But it sounds to me like you are already going above and beyond not only in customer service but in vision – in the wedding story you not only were willing to stay after the customer was satisfied, but you had the vision to realize what was needed to make the image *even after they had the image they were happy with* (getting rid of the family etc…) and bam – that was your backflip-spinkick-chocolate cake.

    @Toby – maybe I should have been more clear on the “service/product” distinction.

    Consider: when you hire an accountant to prepare your taxes, the “end product” is a tax return. but you are not paying for the physical tax return – anyone can give you a tax return, heck I can prepare a tax return (but don’t blame me if you get audited!). You are paying for the accountants skill and expertise in preparing your specific tax return. You are paying for a service, in essence you are paying for something that doesn’t exist – you are paying because you trust the *person* to provide you with something that you could not do on your own.

    Similarly when I hire a photographer for an assignment, I am not buying something tangible in the sense of walking into a store and exchanging money for a tangible object. I am paying because I trust the photographer’s skill to realize my creative vision. When I plunked down all those thousands of dollars for my wedding photographer, I didn’t walk out of the studio with anything in my hands – how could I, my wedding hadn’t even happened yet 🙂 I was paying because I trusted the photographer to record my wedding with skill, vision and art. Sure in the end I got a physical wedding album – but that is just paper and leather, what I was really paying for was the artistry of the photos.

    And of course there are gray areas – Consider stock photography. I’d call stock photography a product rather than a service. I don’t care who shot my stock photo – all I care about is the end product. When I buy a stock photo, I am buying something that is already created, I *am* buying a product. Sure there was skill and artistry that went into it, but that’s ultimately not what I am paying for. But I think that’s a totally separate thing from assignment photography.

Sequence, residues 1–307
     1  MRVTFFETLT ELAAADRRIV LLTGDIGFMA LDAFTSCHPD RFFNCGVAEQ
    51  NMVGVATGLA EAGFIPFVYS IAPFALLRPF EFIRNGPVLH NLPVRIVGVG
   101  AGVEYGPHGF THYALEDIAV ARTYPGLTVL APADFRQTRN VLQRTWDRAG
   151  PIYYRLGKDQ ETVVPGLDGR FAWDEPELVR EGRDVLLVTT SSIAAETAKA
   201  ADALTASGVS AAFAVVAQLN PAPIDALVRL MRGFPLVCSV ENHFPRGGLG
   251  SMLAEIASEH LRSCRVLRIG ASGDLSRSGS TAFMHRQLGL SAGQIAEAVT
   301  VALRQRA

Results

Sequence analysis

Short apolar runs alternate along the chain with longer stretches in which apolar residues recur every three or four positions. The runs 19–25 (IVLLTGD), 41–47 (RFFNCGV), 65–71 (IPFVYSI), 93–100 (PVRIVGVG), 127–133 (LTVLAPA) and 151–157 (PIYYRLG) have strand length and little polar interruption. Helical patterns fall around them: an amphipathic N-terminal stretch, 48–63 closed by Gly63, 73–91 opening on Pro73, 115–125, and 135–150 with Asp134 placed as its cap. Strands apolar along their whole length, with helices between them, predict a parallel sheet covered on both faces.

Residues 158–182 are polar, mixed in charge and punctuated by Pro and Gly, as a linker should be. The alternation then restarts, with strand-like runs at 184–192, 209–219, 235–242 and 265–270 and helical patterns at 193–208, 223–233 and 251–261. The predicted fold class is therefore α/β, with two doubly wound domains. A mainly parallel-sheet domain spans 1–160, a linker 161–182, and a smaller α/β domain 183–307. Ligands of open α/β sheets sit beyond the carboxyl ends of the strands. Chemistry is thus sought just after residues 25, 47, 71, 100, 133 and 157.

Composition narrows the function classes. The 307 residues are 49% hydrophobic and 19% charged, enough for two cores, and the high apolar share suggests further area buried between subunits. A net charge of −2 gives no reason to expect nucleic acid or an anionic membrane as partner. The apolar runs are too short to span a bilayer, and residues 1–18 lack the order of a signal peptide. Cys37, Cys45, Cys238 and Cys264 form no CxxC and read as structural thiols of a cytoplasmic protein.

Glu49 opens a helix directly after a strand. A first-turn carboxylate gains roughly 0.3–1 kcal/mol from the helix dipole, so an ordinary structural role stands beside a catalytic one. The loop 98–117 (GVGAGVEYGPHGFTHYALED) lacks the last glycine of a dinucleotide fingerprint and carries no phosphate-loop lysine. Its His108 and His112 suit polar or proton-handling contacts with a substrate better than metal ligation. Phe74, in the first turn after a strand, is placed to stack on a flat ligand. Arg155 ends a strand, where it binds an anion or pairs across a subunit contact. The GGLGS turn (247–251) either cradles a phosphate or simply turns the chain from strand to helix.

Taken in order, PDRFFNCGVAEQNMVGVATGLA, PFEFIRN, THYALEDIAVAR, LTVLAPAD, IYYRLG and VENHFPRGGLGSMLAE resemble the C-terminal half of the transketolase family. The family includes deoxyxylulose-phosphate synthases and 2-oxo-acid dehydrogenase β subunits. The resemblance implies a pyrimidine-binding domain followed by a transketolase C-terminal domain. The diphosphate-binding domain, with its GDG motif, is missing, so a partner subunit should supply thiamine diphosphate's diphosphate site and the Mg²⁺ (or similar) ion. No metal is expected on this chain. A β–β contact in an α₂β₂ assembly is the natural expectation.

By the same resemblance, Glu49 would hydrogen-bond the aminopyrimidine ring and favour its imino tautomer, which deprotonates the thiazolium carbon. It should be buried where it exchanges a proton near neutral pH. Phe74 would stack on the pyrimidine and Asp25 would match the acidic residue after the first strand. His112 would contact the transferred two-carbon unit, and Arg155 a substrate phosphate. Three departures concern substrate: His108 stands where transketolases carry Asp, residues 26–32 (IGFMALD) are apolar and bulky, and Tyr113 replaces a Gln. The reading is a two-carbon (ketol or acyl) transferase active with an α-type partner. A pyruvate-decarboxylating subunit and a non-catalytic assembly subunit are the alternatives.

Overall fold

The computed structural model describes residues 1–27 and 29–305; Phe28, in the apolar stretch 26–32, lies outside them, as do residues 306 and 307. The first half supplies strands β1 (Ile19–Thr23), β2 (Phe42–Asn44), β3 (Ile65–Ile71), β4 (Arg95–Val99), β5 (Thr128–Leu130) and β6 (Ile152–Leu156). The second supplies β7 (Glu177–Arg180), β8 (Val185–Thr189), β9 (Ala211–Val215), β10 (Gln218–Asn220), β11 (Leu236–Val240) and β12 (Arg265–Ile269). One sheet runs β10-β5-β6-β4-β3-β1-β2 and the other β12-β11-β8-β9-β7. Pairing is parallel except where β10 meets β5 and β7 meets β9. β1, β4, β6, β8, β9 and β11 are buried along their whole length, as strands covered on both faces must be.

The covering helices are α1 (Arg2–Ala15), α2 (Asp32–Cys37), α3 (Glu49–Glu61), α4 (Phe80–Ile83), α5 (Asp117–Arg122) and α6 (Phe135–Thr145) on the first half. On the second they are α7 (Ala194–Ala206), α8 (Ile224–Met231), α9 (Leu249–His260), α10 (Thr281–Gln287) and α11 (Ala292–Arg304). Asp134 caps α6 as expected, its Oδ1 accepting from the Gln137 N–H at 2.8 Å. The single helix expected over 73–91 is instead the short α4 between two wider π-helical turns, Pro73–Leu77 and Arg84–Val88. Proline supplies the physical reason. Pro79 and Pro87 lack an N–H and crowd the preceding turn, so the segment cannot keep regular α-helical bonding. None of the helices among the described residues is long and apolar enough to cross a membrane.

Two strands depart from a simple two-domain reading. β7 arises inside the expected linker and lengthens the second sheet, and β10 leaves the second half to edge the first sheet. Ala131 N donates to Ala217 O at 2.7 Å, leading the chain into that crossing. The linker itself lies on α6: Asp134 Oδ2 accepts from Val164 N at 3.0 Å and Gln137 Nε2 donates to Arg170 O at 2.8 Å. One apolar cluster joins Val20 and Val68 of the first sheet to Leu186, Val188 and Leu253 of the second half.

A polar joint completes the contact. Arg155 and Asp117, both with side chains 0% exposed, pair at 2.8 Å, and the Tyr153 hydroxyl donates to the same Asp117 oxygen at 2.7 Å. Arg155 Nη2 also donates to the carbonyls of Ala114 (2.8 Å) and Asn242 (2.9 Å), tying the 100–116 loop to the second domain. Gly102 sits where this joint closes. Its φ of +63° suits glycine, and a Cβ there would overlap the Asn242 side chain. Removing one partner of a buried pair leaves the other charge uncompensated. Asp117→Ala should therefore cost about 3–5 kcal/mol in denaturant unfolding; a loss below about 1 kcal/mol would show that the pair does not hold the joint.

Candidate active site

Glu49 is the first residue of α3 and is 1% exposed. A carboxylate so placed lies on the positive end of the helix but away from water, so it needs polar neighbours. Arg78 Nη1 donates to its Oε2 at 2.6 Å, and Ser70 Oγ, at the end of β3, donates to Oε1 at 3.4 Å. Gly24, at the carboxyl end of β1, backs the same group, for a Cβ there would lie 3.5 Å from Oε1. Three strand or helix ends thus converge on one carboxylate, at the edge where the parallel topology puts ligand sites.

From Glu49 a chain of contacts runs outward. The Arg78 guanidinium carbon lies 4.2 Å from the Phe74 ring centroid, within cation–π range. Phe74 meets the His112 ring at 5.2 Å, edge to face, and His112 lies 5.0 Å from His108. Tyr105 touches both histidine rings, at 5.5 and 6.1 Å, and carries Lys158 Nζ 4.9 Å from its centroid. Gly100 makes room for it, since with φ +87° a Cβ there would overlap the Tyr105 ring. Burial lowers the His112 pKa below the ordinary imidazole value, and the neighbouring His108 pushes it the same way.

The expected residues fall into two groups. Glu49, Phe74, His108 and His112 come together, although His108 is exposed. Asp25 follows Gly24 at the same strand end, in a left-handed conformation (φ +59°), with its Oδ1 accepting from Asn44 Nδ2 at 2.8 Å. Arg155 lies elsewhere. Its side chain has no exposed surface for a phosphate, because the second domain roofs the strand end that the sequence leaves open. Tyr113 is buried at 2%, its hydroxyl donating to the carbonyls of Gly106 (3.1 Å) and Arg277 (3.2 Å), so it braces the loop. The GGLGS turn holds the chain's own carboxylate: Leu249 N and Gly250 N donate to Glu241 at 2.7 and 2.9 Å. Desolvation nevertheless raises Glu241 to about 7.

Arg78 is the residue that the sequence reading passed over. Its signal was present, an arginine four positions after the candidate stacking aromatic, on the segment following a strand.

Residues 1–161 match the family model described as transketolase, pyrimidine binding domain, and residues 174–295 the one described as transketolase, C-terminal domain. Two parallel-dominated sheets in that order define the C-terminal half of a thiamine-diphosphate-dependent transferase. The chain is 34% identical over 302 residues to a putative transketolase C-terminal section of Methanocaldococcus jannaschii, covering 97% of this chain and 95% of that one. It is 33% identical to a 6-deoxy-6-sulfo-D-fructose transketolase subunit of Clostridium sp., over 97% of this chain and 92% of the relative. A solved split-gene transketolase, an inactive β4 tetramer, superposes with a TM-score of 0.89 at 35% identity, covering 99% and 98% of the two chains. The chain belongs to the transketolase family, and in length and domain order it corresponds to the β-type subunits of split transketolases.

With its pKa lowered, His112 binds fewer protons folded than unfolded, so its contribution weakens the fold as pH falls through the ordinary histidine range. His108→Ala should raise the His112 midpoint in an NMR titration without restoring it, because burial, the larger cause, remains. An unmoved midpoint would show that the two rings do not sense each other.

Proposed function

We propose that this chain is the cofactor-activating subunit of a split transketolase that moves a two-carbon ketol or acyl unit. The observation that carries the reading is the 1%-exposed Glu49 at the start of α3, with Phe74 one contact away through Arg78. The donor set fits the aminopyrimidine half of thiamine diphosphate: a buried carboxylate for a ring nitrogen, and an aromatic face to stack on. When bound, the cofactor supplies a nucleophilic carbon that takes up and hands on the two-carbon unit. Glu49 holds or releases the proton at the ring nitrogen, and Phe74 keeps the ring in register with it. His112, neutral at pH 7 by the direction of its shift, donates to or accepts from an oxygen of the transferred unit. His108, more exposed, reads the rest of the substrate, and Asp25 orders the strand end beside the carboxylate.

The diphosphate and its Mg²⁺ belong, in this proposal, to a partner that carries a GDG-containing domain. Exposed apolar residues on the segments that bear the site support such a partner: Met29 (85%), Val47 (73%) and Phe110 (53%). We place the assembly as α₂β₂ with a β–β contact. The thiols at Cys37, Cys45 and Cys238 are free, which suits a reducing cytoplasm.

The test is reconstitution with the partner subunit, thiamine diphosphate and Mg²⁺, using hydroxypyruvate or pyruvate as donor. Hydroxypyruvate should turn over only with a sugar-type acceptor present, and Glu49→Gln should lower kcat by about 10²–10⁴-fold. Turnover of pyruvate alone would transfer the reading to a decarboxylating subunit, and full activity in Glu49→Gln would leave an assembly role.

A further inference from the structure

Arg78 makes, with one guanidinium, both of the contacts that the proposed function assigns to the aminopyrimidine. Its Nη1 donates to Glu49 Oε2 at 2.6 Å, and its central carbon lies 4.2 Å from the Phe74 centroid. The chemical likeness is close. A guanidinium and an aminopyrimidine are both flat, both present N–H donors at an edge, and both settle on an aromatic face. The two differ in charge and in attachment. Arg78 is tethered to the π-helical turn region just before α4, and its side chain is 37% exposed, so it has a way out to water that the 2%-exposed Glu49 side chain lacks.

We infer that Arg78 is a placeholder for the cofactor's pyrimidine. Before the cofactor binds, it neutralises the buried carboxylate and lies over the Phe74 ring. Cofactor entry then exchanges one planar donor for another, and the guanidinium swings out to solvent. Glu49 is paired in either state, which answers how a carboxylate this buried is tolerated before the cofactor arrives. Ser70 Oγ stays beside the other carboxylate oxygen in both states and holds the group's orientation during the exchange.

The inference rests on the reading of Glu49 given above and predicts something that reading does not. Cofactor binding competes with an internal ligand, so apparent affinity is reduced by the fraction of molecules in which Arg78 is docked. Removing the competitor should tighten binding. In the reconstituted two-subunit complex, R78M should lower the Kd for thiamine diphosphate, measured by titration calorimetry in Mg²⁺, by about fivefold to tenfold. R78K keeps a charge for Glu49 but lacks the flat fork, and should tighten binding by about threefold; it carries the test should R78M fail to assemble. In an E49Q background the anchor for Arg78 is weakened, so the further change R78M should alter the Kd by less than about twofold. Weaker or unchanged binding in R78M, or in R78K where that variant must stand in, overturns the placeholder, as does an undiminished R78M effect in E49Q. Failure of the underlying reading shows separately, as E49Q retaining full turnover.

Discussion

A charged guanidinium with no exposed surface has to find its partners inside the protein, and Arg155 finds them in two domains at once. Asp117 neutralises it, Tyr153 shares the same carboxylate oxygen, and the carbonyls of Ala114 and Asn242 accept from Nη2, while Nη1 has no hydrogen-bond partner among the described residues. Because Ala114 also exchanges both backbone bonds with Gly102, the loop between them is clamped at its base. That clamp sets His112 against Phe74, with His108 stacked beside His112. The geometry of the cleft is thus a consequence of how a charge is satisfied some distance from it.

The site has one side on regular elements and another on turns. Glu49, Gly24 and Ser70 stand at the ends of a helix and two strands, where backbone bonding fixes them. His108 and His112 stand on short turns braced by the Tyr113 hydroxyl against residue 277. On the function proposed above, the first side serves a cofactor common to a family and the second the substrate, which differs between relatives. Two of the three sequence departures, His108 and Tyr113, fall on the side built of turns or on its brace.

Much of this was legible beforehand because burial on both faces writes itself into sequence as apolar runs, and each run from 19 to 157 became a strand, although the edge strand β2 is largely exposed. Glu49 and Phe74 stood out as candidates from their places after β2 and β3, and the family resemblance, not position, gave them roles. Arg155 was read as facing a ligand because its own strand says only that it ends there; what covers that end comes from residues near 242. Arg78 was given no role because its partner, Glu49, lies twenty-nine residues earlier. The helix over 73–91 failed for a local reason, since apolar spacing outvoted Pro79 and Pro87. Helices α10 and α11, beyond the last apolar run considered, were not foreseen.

In the end, regardless of semantics, I think we *should* be thinking of photography as a service, because in essence that is what raises the bar for the industry as a whole. Like Chase said, we should be thinking of giving the customer what they want (the “product”) *and then some*. And that way in the end everyone wins – the customer who got service beyond his expectations, and the industry because photography becomes more valuable to everyone overall.

    just my .02

  5. Well, I don’t know about backflip-spinkick-chocolate cake, but I would say know how best to serve a customer is the most important thing you can do. The one thing I’m going to say is that not everyone will have that superb level of customer service. As photography gets easier and easier to break into you will get more bargain basement photographers. They are not getting paid enough to go an extra foot for a customer, let alone and extra mile. There is a basic proposition in marketing, its called the price/quality graph. It is a graph that simply measures price verses quality. The goal of any good business should be to find a location on that graph that is occupied by the fewest other businesses. Now of course there are areas you want to avoid. But there should be lots of room.

    The issue does come down to skill, but skill may only get you half way up the quality side of the graph. It is the same with service. Service and skill together may get you all the way to one end. People won’t gather there because it won’t make financial sense. As I mentioned earlier with the Ritz Carleton, they have service that hardly has a competitor. However, you have the Fairfield Inn. It does the job at a cheap price. In that case the price is right for the consumer. So no, not everyone is going to have perfect service. The eventual cost to pay will drive people into other areas of the cost/quality chart.

    As for ‘vision,’ is it really what gets you all the way to the top, no. But neither will service. It is a combination of the two. You need to have both. A Fairfield Inn may have incredible service, but at the end of the day it doesn’t have the custom bedding, or fine bath amenities, the marble bathroom, or the concierge. The reverse is true as well. So have both and set yourself light years ahead of the competition.

    The one other thing that I’m going to say about this is possible a third proposition. One of understanding. This isn’t just service, it’s understanding you client. It’s giving what they want, what they really want. It’s finding out what their unspoken desires are. That to me is the backslip-kickspin-chocolate cake.

    I would love to discuss specifics, one of my failed businesses was doing service consulting. It was evidence to me that people don’t care about service.